Everything is so green after all the rain we have had. The Mill Pond is high, as I stop to watch the cygnets swimming with their parents. I finally got out in the garden for a few hours this afternoon. Although there is already no question of catching up, at least I accomplished something, and smiled at the vanity of calling my riotous beds "a garden."
I have a clipping on my refrigerator that says, "One of the advantages of being disorderly is that one is constantly making exciting discoveries." It was said by A. A. Milne, the author of Winnie the Pooh. It's been there for years and always makes me laugh. It seemed especially apt in reference to my garden.
The center of my vegetable garden is an unplanned blue sea of forget-me-nots that seeded and took over, but they are so pretty. I'll weed them out now and hope enough seed will self-sow for next year. There are the most magnificent foxgloves I have ever grown, again from seedlings that appeared on their own, among the potatoes and rhubarb. There is a clump of black iris, tall and covered with blossoms, that I must have heeled in there and forgotten about. Despite trying to grow that long-admired variety in carefully cultivated settings, I have lost every one except this. Niobe and Jackmanii clematis climb the fence, covered with blossoms, having recovered from one of Mike's "neatening up" forays with his weed whacker, still painful in memory. There must be some marital dynamic, one partner planting, the other cutting down/mowing ruthlessly or ignorantly pruning that keeps nature in balance.
The Vineyard Gardens lecture this Saturday, June 9, will be about composting. It begins at 11 am.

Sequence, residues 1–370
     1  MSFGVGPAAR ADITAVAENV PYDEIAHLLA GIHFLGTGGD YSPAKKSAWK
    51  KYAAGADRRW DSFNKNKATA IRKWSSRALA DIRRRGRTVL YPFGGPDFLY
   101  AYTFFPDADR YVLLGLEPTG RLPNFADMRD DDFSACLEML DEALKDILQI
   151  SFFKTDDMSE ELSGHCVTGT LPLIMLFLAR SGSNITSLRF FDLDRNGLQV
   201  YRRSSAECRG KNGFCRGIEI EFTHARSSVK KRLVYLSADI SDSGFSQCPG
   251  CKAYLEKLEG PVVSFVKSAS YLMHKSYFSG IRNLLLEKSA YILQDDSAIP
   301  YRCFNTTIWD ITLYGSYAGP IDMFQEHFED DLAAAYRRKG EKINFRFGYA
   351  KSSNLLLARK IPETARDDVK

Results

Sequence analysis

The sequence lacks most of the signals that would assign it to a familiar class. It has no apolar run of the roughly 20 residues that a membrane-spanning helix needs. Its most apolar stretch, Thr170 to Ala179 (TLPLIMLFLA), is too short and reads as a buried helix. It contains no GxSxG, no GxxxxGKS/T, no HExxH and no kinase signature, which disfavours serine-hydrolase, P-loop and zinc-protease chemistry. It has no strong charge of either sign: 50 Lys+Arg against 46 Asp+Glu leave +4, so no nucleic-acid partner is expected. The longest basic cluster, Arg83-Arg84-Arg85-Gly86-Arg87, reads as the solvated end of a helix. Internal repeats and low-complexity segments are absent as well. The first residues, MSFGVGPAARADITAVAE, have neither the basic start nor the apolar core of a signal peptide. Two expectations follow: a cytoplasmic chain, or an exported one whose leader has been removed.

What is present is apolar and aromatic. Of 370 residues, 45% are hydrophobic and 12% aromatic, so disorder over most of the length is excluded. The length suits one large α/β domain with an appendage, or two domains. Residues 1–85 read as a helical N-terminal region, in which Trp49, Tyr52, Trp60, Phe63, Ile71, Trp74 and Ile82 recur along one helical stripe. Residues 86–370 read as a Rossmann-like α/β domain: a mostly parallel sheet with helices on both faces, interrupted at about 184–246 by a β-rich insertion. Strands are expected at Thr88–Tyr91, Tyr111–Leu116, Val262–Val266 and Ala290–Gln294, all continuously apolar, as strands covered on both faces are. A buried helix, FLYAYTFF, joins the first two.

If you have driven past the Polly Hill Arboretum and admired the fringe tree blooming right at the entry to the drive, come in for a closer look on Tuesday, June 12, at 10 am. Nancy Weaver and Jaime Morin will lead a guided walk around the property, focusing on the different varieties of ericacaea besides rhododendrons. You will see those, too, as well as the double rows of stewartias the garden is famous for; they are just beginning to bloom and should be in full glory by the twelfth.
Our friends Ron and Melanie Hall arrived for some fishing and restorative ocean air. They will be here through the week. Ron has already caught some keepers. Melanie is painting, cooking, reading, and catching up with friends.
Happy birthday wishes this week to: Jodi Baron Blair on June 9; Jean Wexler on the 12th, and Bill Haynes on Flag Day, June 14.
Over the past few years, I have enjoyed the company of a group of mostly ladies (we have an occasional gentleman join us) at Windemere. Next Friday evening, June 15, they will hold an auction to raise money for their activity program. The event, at the Ag Hall from 6 to 8 pm, will have live and silent auction items including: fly-fishing lessons, golf lessons, bass fishing, Alison Shaw photographs, massages, handmade quilts and blankets, dinner at the Home Port, lobsters from Larsen's, lunch at the Galley or Farm Neck, a plane ride over the Vineyard, a week-long stay at a seaside cottage in Maine, and more. Wine, desserts, and light fare will be served.
The library's Monday Night Movie on June 11 will be "The Usual Suspects." It begins at 7 pm. Don't forget the all-day Saturday craft table for kids.
Tom Dresser will be at Howes House next Tuesday, June 12, at 9:30 am, reading and discussing his book, "Disaster Off Martha's Vineyard; The Sinking of the City of Columbus," in the winter of 1884. He urges everyone to attend, as it is his only planned appearance in town.
The "dog issue" has engendered strong feelings among town residents. By the time you read this, town meeting will have come and gone, with some resolution, at least for the moment. As Mike and I walked our dogs this afternoon, watching them run and play together, I can't help thinking about how sad this all is. I understand both sides of the issue and sympathize with both points of view. However, I hate the idea of living in a place where dogs can't run around and be dogs.